A Q Footnote (Trash-Talkin’ Elaine Pagels)

By Lee Karl Palo

© 2015 Lee Karl Palo

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          I wrote the post about A New Paradigm for Understanding Q in response to a comment made by Elaine Pagels in the PBS documentary From Jesus to Christ: The First Christians. Pagels makes a comment, something to the effect that the author of Q wasn’t interested in the narrative details of Jesus’ life. My first thought was that that cannot be established with any kind of certainty, and is in fact speculation. I figured I could propose a couple of alternative understandings of Q that may be more plausible than Pagel’s concept of Q. To be completely fair, documentaries often pull quotes from longer conversations. This removes the quotes from the speaker’s conversational context and places them within a new context constructed by the filmmaker. Would Elaine Pagels be comfortable with how that line was used? Only she knows for sure.

That said, her quote does seem to typify much of the popular understanding of Q. It also annoys me greatly. Some scholars seem to have an axe to grind with the Christian faith, while others maintain a certain professional detachment that neither endorses nor repudiates faith. There is also a common problem with new discoveries. They tempt people to overestimate the significance of a given discovery. The discovery of the Gospel of Thomas among the Nag Hammadi Library has certainly been significant, and yet its dating to the second century of the Common Era can hardly be ignored when using it to discuss the varieties of early Christianity. It is the culmination of traditions within certain early Christian communities that developed into a written form much later than the Biblical or proto-orthodox traditions. If you want to have a good understanding of the most primitive forms of Christianity, and track its development, you are still better off looking at the Biblical materials, and prioritizing them before you come to later works like the Gospel of Thomas.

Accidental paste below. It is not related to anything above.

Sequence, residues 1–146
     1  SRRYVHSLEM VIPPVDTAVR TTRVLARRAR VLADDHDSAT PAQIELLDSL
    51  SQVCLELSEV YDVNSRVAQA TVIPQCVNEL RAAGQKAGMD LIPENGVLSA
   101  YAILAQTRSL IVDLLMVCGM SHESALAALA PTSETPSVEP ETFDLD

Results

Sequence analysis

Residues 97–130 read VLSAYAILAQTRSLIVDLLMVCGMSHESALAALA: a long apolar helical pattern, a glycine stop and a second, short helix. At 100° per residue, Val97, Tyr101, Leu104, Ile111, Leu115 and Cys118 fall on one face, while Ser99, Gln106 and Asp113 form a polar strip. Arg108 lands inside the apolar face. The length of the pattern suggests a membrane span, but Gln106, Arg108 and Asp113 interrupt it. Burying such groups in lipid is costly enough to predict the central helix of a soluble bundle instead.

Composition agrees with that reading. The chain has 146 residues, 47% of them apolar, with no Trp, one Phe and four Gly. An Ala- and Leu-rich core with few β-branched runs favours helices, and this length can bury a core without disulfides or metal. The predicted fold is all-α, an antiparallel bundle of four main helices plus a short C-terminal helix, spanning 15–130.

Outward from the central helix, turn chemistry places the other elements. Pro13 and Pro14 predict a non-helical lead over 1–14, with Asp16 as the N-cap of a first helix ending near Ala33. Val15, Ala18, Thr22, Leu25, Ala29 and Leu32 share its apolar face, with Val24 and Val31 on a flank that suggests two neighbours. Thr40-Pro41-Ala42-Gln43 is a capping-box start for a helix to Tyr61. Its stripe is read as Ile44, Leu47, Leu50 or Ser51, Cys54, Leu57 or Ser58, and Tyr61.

Being a fan of professional wrestling and the writings of Friedrich Nietzsche has give me an appreciation for the art of “trash talking” (the poignant use of ad hominems). Analogies are fun to work with, and it is good to keep in mind their limitations. Nevertheless, here is my stab at trash-talking Elaine Pagels…

When it comes to Q, has Elaine Pagels ground up a copy of the Gospel of Thomas, then snorted it—getting high on its Gnostic aroma? Does she then look at all else from out of a Gnostic haze. Coming across the imagined Q source that no one has ever seen, can she think clearly enough to question how similar the religious values of the authors of the respective documents could have been? I think not.

I got to meet Chris Jericho at a book signing (November 2007) for his first autobiographical work. I also got my WrestleMania XIX ticket signed by Chris.

I got to meet professional wrestler Chris Jericho at a book signing (November 2007) for his first autobiographical work. He also signed my WrestleMania XIX ticket. Chris Jericho is a very gifted trash-talker on TV, but is very polite when you meet him.

After writing that it feels like time to go watch the WWE Network (you too can subscribe for only $9.99). There is an episode of the series “WWE Countdown” on the top 10 trash talkers of all-time.

[Trash-talking shouldn’t be taken too seriously. I really don’t bear Elaine Pagels any ill will, but that doesn’t mean I can’t ever voice my disagreements with her.]

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© 2015 Lee Karl Palo

leekarlpalo@gmail.com

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